CANADA'S constitutional debate has been thrown into turmoil because the premier of Alberta has questioned one of Canada's sacred cows - bilingualism.
"We need to find a way to remove the irritants among us, and enforced bilingualism has become such a symbol across the country," Alberta's Donald Getty said at the Edmonton Rotary Club Jan. 9.
Mr. Getty voiced what a lot of Canadians (35 percent of English Canadians in one recent poll) and the Reform Party of Canada have already said: The quarter-century experiment with official bilingualism has been a flop. Getty says it should be scrapped; he responded to criticism by saying French-speaking Quebec, which is not officially bilingual itself, never wanted the policy.
By this week the heat was turned up high on an issue that most politicians want left on the back burner.
"This is going to be a shot across the bow for Quebec and it's going to make it difficult for Quebec to look upon these constitutional discussions in a positive sense," says Gary Filmon, premier of the province of Manitoba.
Everyone from Constitutional Affairs Minister Joe Clark to Quebec politicians says Getty's remarks can only aid the cause of Quebec separatists. Ontario Premier Bob Rae criticized Getty's remarks on bilingualism before the constitutional Committee on National Unity in Ottawa on Jan. 13. And even Quebeckers who want independence say that as long as Canada is one country, it should stay bilingual.
Bilingualism has been the law of the land since 1969. It was the dream of then-Prime Minister Pierre Trudeau.
Official bilingualism applies to federal services in every part of Canada. There may be just 655 French-speaking people in Red Deer, Alberta, (population 54,425), but every one can be served in French in any federal office. Likewise an English-speaking Quebecker can be guaranteed English-language service in the post office or the tax office.
"If you tamper with that [linguistic duality], you're touching the core of the country," says Bernard Landry, vice president of the pro-independence Parti Qucois.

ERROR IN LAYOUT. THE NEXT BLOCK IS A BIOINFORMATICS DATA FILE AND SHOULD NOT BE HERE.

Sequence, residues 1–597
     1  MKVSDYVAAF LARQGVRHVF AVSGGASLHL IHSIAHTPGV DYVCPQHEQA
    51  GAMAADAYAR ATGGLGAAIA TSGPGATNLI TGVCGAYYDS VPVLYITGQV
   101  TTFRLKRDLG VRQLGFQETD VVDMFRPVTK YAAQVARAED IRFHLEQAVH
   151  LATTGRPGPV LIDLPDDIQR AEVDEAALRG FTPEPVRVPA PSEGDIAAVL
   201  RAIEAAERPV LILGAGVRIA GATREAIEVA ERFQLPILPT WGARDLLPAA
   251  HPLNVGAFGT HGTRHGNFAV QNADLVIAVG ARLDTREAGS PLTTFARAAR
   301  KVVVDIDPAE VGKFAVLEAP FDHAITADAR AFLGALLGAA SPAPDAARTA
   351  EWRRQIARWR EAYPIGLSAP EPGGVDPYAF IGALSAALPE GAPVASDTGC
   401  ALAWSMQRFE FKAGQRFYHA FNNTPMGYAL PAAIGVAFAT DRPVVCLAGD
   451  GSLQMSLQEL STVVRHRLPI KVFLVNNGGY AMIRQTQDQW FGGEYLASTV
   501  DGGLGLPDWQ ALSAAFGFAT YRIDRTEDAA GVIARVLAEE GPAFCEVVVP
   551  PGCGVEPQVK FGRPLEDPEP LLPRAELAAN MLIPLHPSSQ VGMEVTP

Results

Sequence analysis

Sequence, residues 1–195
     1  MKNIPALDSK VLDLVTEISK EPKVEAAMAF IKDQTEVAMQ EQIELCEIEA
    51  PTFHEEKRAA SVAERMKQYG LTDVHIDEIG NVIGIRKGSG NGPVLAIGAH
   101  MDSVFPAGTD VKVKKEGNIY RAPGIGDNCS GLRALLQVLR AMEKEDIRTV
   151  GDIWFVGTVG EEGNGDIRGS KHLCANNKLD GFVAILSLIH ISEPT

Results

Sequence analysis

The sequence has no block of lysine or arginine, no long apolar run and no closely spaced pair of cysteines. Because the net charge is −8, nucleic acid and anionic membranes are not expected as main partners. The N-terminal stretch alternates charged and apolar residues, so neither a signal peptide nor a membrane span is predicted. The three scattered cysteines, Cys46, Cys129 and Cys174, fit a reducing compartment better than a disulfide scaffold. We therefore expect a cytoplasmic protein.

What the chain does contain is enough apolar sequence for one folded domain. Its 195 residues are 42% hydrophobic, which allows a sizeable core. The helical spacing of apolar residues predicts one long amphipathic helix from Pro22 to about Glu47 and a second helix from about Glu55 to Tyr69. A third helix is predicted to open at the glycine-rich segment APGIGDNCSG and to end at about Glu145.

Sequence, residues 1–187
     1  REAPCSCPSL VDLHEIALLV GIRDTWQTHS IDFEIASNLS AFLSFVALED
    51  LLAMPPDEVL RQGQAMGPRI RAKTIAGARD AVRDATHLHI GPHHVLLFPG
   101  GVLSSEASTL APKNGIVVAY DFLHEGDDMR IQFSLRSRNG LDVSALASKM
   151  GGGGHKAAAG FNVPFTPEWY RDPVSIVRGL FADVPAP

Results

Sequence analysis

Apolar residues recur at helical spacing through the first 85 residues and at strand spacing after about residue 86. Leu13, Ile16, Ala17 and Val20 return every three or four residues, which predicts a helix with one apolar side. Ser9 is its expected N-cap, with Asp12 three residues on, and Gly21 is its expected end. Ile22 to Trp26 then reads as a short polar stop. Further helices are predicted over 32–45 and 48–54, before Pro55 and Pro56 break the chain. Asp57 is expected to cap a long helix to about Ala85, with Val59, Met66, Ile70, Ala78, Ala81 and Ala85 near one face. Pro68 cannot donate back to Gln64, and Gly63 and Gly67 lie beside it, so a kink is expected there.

Keith Spicer, a former commissioner of official languages, says the law gives people the right to be served in both languages, but it doesn't force anyone to learn the language.
"Institutional bilingualism means, paradoxically, that every citizen has a legal guarantee to remain blissfully unilingual forever," he says.
But official bilingualism requires bilingual civil servants: 29 percent of federal jobs require a person who speaks both English and French; 59 percent require only English; 7 percent only French; and 5 percent either. Opponents say that favors French-speaking Canadians who make up less than 25 percent of Canada's population of 27 million.
In Alberta there are only 65,000 French-speaking people in a population of 2.7 million. But language is an emotional issue.
"We should not have French shoved down our throats," the unilingual Getty said three years ago.
"Support for official bilingualism is lower on the prairies than elsewhere, but it's still evenly split," says Mag Burns of the Winnipeg, Manitoba-based polling firm Angus Reid and Associates.
"Getty is speaking to a strong constituency in Alberta. But even people who agree with him might question his timing."
One politician said Getty's speech sounded as if it could have been written by Parti Qucois leader Jacques Parizeau because of the support it raised for the separatist cause inside Quebec.
Making French-speaking Canadians feel at home in English-speaking Canada - and not second-class citizens in their own country - was one of the reasons for bringing in the official bilingualism program, which is still supported by 61 percent of English Canadians and 92 percent of French-speaking Canadians.
His political opponents say Getty is trying to steal the thunder from the Reform Party of Canada, which opposes official bilingualism and is running ahead of the Progressive Conservative Party in the polls.
And the issue is unlikely to disappear. On Jan. 22 the Committee on National Unity travels to Edmonton, the capital of Alberta. Getty's remarks will be on everyone's mind.
"He is certainly putting the united Canada we know in a very difficult, awkward situation," says Andre Ouellet, a Quebec member of the federal House of Commons who is on the committee studying Canada's future.